People don’t happen to history: history happens to people. That, dear friends, is the core message behind the website featured on this edition of Friday Favorites.
The folks over at Heritage History have compiled a history curriculum that uses a vast number of engaging historical biographies and delightful tales to teach children all about the events of the past without suffocating their minds with boredom. They base their curriculum off of a large selection of biographies, well-written historical fiction and anecdotal collections of historical events that have entered the public domain.
But I don’t use their curriculum.
What I like to use is the website itself. You see, every book used in their history curriculum is available on their website. And this website is very well organized. You can browse by genre. You can search by author or title. You can search by historical character, by war or by civilization. The table of Contents for the book you are perusing is always available at the left hand side of the screen, making navigation within individual books a breeze.
I first discovered Heritage History in January of 2012, and I fell in love right away. I was midway through kindergarten with Zorro and I wanted him to be the smartest kid alive. (Okay, I still have this wish, but I’ll be quite content if he can just learn to love learning.) I had found the perfect curriculum to teach him history! It would work for all 12 years! I fell in love.
Eventually, my frugal side kicked into gear. After all, my oldest child was still in Kindergarten. I had set a goal of zero curriculum purchases for his first year of school, and I was still researching educational philosophies as I struggled to decide which path I wanted to take. Besides all this, Zorro and Rosie are so very different. How will I know what works for each of them before I’ve tried it? All I knew was that I wanted to have a literature based homeschool.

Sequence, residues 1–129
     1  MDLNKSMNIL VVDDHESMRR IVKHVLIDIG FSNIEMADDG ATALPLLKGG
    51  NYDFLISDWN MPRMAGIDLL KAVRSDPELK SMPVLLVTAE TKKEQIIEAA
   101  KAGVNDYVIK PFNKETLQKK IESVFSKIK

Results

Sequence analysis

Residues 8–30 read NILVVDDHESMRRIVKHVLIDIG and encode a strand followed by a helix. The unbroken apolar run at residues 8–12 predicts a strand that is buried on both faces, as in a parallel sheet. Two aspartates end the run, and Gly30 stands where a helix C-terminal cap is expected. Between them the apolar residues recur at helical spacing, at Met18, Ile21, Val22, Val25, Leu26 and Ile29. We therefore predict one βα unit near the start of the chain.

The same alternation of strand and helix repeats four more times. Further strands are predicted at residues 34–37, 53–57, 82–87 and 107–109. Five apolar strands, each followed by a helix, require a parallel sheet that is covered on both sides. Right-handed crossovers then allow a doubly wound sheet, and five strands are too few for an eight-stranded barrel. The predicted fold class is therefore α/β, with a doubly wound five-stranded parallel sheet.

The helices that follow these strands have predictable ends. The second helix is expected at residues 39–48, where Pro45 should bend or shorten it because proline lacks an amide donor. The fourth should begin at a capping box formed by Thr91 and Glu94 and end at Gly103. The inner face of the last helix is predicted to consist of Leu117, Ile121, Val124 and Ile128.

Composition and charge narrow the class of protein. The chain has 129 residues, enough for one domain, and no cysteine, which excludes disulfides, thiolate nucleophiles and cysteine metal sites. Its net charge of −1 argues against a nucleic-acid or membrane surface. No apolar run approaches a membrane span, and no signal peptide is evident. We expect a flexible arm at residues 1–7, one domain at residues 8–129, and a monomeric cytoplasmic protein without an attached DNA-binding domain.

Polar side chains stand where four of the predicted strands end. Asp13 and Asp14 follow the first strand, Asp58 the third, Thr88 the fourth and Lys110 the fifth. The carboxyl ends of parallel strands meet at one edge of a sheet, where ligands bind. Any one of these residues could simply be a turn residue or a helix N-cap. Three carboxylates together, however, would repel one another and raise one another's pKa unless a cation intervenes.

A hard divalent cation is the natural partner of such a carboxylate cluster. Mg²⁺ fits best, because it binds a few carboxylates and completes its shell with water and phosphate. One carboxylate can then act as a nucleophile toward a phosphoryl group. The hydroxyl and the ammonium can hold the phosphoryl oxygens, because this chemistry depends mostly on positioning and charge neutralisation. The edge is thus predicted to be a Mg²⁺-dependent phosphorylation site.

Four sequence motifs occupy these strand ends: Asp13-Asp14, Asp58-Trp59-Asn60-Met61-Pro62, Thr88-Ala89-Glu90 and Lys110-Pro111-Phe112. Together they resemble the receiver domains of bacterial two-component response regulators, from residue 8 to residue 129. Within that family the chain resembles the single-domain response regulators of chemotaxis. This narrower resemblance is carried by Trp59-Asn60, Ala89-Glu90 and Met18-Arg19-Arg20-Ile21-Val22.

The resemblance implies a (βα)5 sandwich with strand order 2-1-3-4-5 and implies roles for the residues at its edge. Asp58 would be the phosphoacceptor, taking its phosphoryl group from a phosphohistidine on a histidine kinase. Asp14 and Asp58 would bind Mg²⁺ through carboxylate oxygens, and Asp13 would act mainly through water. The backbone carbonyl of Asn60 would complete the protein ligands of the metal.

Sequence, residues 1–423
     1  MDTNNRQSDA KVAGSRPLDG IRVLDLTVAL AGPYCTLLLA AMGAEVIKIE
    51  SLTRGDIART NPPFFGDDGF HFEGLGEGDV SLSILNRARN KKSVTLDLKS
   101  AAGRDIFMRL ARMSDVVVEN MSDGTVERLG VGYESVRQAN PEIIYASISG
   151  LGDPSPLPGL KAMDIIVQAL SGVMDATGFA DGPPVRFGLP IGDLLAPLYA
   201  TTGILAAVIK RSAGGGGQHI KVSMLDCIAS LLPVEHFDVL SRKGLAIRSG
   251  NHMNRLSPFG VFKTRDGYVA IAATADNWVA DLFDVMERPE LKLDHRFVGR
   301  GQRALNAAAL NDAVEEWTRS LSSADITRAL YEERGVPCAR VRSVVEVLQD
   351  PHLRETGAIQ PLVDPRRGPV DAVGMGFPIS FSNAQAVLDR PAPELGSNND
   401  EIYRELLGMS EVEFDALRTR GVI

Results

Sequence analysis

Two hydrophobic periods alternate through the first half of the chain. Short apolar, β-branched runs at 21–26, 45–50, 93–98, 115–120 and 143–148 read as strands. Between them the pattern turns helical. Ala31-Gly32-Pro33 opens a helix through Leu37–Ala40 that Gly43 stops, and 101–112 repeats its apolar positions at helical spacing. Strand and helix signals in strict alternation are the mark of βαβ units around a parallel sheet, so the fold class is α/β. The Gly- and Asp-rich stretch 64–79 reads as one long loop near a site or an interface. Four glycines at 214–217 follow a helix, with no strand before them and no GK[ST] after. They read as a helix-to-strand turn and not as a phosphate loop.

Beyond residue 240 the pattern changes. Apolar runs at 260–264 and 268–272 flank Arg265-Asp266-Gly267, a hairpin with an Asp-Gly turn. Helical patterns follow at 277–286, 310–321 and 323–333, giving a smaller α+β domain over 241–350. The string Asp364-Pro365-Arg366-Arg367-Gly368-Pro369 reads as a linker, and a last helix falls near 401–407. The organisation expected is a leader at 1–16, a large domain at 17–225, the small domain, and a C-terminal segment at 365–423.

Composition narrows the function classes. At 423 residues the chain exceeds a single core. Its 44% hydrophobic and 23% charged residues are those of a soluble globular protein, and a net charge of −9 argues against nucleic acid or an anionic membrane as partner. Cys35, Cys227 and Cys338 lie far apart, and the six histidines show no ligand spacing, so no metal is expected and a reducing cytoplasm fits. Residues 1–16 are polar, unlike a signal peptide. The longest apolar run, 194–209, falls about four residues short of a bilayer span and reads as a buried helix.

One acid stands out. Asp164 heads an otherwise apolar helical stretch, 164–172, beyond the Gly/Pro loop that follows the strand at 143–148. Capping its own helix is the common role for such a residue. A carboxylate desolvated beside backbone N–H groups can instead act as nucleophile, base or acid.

Then I dicovered Ambleside Online and Charlotte Mason’s writings. I soaked it up like a sponge. Charlotte Mason made so much sense! Every thing she taught could be applied to all of my children, no matter their personalities. That was the key: to work with their personalities and not against them. Heritage History fit perfectly into this plan.
Though I am not currently using the curriculum they offer, I find myself constantly referring back to Heritage History’s website. When the birthday of a famous person rolls around, I take a few moments to stop by Heritage History, locate an appropriate biographical tale and read it to my little ones. I have not needed to purchase or even download the texts for Zorro’s first grade history: the books are already available at Heritage History. Due to the fact that my children are not yet reading on their own, I find that I use the website more than I would use the actual books. It is so easy to search and see all my different options before I decide which story to read.
My children particularly love the illustrations that accompany these books. I often print one out and allow the children to color while I read the story. I have noticed that they remember the story much better as they make associations between it and the pictures they are coloring. The large selection of historical maps is yet another useful tool that I am just beginning to explore.
I have not yet purchased any curriculum from Heritage History. For his first year of school we are using the plan of study laid out for Year 1 at Ambleside Online. But the longer I have researched other history options, the more determined I become that Heritage History is one of the best history courses available, and it is most definitely the one I will have the most fun teaching. And on the day that I do finally purchase curriculum for Zorro, I plan on my first purchase being Heritage History’s Young Readers Collection. Until then, I’ll continue using their website for all my history needs.